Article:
First Call of 13 Shamans event features rituals and throat singing. Source: Press photo
The most powerful shamans from Sweden, Greenland, Mexico, Kyrgyzstan, Mongolia, South Korea, and Kazakhstan have arrived in the Republic of Tuva in southern Siberia for a new international festival devoted to shamanic culture.
Besides participants from abroad, the Call of 13 Shamans festival has attracted shamans from four of Russia’s regions – Altai, Khakassia, Tuva, and Yakutia – who are also participating in the event.
Drum rites, rituals, meditation, mysteries, and throat singing are all part of the program. The organizers also promise to hold interesting seminars and master classes on the spiritual practices of shamans and divination. All those interested will also be taught the “Eagle” dance, which is part of the Un-Hun spiritual health program. The global goal of the festival is the revival of the shamanic traditions.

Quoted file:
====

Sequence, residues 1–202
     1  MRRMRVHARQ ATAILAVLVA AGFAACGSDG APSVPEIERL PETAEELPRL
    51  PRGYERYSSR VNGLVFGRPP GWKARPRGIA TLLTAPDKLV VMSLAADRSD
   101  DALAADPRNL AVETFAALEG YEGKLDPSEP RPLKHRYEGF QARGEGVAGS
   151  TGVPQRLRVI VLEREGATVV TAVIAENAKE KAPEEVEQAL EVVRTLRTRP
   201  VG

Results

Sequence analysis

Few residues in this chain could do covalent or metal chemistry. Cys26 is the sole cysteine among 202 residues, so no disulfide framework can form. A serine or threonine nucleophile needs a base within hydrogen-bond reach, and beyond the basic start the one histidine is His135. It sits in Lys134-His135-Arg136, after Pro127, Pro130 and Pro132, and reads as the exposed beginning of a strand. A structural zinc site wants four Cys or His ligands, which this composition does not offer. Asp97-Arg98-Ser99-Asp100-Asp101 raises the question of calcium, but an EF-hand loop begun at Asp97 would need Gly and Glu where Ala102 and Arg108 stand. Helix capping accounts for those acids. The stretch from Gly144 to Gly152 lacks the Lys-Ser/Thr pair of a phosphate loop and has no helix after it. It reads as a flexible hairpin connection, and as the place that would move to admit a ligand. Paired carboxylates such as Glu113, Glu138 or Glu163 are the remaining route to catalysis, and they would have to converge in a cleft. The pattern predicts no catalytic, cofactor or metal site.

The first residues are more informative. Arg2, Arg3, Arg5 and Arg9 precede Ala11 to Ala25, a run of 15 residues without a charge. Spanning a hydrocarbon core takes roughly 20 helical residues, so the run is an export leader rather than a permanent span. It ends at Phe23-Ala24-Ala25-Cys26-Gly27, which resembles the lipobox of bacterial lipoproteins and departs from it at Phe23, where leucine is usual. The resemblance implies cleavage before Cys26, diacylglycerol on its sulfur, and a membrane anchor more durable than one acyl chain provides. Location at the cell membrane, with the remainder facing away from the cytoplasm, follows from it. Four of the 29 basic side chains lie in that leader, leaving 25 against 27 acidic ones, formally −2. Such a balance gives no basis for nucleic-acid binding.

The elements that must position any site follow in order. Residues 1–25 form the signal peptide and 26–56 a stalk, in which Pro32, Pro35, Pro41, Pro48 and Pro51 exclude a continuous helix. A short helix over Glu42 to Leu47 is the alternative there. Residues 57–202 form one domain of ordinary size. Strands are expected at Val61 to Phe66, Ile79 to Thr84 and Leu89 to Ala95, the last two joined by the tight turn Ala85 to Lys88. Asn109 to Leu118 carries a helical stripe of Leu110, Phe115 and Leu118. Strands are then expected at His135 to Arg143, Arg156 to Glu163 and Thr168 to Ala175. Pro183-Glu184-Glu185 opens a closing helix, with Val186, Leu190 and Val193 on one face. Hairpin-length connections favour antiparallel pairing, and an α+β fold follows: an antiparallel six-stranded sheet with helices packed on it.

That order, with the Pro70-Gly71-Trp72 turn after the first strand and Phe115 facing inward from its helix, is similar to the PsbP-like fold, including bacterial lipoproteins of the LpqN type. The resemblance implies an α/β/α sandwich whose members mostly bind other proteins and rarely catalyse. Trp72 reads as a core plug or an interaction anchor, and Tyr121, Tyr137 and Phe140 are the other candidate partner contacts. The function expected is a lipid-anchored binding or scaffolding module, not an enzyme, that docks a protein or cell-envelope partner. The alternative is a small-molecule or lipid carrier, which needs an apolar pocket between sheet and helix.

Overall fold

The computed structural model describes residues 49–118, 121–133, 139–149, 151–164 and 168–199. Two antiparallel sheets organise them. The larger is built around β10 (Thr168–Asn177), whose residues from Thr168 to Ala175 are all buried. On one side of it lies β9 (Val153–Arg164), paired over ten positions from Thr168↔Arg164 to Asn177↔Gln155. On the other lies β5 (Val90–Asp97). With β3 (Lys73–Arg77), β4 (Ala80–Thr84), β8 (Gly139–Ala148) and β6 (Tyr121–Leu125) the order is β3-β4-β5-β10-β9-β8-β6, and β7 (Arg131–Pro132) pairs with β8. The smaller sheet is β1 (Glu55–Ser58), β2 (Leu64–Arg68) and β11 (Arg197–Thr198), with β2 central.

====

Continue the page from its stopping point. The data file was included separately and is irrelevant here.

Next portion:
The originator of the idea and the chief organizer of the Call of 13 Shamans festival is the khoomei throat singing master Nikolay Oorzhak, a hereditary Tuvan shaman from the Black Heaven clan.
The festival is taking place for the first time and so far without any sponsor support. Nevertheless, the organizers have succeeded in finding an especially “charged” site for the event – the strongest masters have gathered at the Shyk-Bazhy tourist base in the Dzun-Khemchiksky district of Tuva. The Call of 13 Shamans will draw to a close on 27 July, explained Oorzhak.
The honorary guest of the festival, the Mexican shaman Don Rogelio Carrillo, said that it was the similarity in the traditions of his people and those of Tuvans that drew him to the distant Siberian region.
“The Shamanic tradition that I practice is also very ancient. How old is it? It might be 2000 years old. We haven’t got written evidence about it, but I know for sure that my ancestors did the exact same,” said Don Rogelio.
Published in Russian by Rossiyskaya Gazeta
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